• Program does not address the difference in definition between a 15-passanger van and a 12-passanger extended van – which can vary by state and insurance carrier.
  • Does not address trailers or towing.
  • Cost: Thirty dollars/ driver to administer test may be cost prohibitive for individual club sport teams which may need two or more drivers approved but only travel once or twice per year.

There are other programs available that provide similar services. Some require larger upfront cost but may not charge per driver. Also, not all programs have an option for specific passenger van training. Also many insurance carries and brokers now provide comprehensive loss control services and products including driver education programs at little to no cost to their clients. I-Drive Safely also has a one hour program that is normally used by companies for annual refresher courses, or for employees convicted of traffic violations.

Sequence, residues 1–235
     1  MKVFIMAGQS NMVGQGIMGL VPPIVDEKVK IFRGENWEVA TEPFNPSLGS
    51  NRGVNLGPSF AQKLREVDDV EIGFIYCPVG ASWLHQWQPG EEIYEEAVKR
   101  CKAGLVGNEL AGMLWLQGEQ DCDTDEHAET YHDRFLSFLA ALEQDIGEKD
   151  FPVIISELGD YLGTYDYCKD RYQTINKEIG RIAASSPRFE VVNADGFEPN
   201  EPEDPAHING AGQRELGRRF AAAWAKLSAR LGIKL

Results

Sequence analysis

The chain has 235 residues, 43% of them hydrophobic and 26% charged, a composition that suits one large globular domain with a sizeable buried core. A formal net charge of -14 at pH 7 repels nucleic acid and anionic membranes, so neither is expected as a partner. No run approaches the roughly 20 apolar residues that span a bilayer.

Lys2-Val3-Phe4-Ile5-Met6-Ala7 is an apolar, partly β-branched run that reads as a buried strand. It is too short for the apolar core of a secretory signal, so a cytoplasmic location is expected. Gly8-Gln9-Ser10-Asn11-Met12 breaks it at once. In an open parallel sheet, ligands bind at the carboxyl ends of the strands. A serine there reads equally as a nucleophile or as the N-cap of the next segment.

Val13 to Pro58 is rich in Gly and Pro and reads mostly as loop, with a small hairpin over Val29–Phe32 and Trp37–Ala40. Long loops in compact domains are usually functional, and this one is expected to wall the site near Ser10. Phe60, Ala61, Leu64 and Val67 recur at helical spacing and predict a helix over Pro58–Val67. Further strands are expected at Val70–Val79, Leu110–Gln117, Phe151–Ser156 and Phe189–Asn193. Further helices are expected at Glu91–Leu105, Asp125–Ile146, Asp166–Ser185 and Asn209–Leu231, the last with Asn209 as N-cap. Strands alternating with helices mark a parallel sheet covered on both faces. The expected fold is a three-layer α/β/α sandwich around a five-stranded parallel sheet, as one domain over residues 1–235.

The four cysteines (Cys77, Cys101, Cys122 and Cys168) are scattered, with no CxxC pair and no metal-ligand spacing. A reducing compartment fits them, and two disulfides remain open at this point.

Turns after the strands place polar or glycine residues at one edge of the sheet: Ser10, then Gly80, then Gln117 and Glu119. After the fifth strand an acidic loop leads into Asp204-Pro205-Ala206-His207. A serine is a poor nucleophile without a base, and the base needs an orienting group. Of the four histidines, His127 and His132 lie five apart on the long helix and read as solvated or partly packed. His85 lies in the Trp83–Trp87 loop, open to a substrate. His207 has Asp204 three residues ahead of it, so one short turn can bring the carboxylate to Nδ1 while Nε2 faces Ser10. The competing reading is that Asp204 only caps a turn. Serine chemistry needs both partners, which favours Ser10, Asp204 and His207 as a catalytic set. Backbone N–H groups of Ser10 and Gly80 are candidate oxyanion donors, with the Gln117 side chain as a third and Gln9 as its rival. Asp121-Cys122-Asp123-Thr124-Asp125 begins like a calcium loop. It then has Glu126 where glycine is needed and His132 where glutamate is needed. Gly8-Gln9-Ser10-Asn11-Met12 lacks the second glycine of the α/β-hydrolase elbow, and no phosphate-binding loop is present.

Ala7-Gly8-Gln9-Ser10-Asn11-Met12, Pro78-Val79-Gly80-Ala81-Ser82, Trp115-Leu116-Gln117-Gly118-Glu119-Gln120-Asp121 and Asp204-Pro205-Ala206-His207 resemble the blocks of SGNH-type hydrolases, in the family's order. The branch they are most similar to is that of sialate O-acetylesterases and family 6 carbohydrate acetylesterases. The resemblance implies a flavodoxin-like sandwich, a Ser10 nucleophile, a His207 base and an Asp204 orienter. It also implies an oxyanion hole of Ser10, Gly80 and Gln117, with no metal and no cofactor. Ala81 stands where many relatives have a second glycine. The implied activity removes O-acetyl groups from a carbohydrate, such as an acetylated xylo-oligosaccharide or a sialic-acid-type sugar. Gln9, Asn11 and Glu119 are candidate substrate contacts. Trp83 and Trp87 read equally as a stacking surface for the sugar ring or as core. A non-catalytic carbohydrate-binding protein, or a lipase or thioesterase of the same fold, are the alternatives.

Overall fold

Van driver training is important! While nothing may be an adequate substitute for hands-on driver training programs and experience, consider an online education program such as I-Drive Safely, and incorporate it into your department’s risk management plan.

(The author acknowledges the research contribution made for this article by John MacDonald, Asst. Director Sports and Adventure, Recreation and Wellness Services, University of Akron.)